Why Python?

Oh, right, I’m a programmer.

I talk about mental health, writing, movies, mental health, travel, and mental health so often on here, it’s easy to forget that I spend 8 hours a day programming.

I write code for a living. More specifically, I’m a web developer specializing in front-end code but with significant back-end experience. I’ve spent most of my professional career working in Javascript, ColdFusion, and PHP, and I cut my teeth on QBasic way, way back when.

And lately I’ve spent a great deal of time playing around with Python.

The language has been around since 1995, when Guido van Rossum got tired of another language’s shortcomings and wrote one himself. (That’s a pretty common coder behavior — when things frustrate us, we write code to make it less painful.) Python, named after the Monty Python comedy troupe, has remained a perennial favorite of many programmers.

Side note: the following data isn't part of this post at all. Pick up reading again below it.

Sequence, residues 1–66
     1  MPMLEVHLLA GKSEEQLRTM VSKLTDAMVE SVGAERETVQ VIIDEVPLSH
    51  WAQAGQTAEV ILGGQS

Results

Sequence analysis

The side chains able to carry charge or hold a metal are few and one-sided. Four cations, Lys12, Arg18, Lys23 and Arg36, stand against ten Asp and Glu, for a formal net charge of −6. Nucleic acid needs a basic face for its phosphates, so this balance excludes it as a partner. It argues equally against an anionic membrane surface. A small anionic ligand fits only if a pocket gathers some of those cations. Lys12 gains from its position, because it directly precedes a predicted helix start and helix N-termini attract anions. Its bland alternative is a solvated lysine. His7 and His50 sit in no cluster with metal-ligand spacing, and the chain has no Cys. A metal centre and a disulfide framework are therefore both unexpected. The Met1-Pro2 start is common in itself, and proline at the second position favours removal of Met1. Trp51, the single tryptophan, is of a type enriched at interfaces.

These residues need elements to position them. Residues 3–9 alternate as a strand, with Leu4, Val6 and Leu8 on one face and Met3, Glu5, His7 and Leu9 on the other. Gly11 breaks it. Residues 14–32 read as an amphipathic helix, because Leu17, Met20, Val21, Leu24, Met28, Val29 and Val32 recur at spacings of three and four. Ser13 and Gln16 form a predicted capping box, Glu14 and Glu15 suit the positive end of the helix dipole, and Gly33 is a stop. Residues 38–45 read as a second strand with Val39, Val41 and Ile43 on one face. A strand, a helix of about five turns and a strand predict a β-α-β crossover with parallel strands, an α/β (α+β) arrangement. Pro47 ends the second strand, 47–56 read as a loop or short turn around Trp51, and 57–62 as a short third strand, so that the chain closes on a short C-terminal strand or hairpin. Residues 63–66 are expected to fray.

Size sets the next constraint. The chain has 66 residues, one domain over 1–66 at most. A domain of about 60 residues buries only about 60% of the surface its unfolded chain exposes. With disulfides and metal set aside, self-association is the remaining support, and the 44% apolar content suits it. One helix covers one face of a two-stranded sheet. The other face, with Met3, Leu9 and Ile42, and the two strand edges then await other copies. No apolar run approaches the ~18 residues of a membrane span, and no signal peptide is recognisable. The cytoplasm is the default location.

It’s used everywhere — unlike SQL, it’s not tied to a specific functional domain. You can use it to write a web server; control a robot; analyze data; automate tasks; and make pretty graphics.

It’s also a great balance between ease-of-use and performance.

I started picking it up a few months ago, when I was looking into data science training (which is mostly number crunching). But honestly, I’m learning it because it’s fun. Most things Just Work(tm), and there are only a handful of gotchas in the language that I can think of (unlike PHP, which is full of razorblades.) I can run it on my iPad with Pythonista and make mini-apps. Mostly I use it for academic exercises.

It’s been literally years since I’ve felt a rush coding something. It’s easy to fall into the rut of endless web forms, browser inconsistencies, and wonky APIs. I’m sure Python has its fair share of terrible modules, but the core language is just so usable that it balances out any future headaches.

Coding is fun again. Who thought that would happen.